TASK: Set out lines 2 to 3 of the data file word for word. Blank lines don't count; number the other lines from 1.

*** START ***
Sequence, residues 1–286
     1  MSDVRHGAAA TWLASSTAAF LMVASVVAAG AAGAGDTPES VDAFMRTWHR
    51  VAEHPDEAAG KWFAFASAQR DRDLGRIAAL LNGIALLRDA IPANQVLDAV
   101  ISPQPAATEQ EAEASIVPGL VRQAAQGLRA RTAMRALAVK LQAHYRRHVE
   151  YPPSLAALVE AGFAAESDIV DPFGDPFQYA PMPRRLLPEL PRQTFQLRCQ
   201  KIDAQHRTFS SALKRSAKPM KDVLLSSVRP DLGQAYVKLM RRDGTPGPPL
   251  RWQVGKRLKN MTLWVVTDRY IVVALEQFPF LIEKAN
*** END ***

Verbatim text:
     1  MSDVRHGAAA TWLASSTAAF LMVASVVAAG AAGAGDTPES VDAFMRTWHR
    51  VAEHPDEAAG KWFAFASAQR DRDLGRIAAL LNGIALLRDA IPANQVLDAV